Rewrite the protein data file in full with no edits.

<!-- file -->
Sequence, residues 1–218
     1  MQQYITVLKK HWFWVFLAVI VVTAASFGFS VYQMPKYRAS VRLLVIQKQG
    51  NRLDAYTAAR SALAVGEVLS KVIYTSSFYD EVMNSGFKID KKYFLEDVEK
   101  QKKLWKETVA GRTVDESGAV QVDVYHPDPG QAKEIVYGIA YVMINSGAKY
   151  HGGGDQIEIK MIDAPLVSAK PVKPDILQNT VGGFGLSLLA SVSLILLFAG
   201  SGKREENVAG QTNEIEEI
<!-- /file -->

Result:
Sequence, residues 1–218
     1  MQQYITVLKK HWFWVFLAVI VVTAASFGFS VYQMPKYRAS VRLLVIQKQG
    51  NRLDAYTAAR SALAVGEVLS KVIYTSSFYD EVMNSGFKID KKYFLEDVEK
   101  QKKLWKETVA GRTVDESGAV QVDVYHPDPG QAKEIVYGIA YVMINSGAKY
   151  HGGGDQIEIK MIDAPLVSAK PVKPDILQNT VGGFGLSLLA SVSLILLFAG
   201  SGKREENVAG QTNEIEEI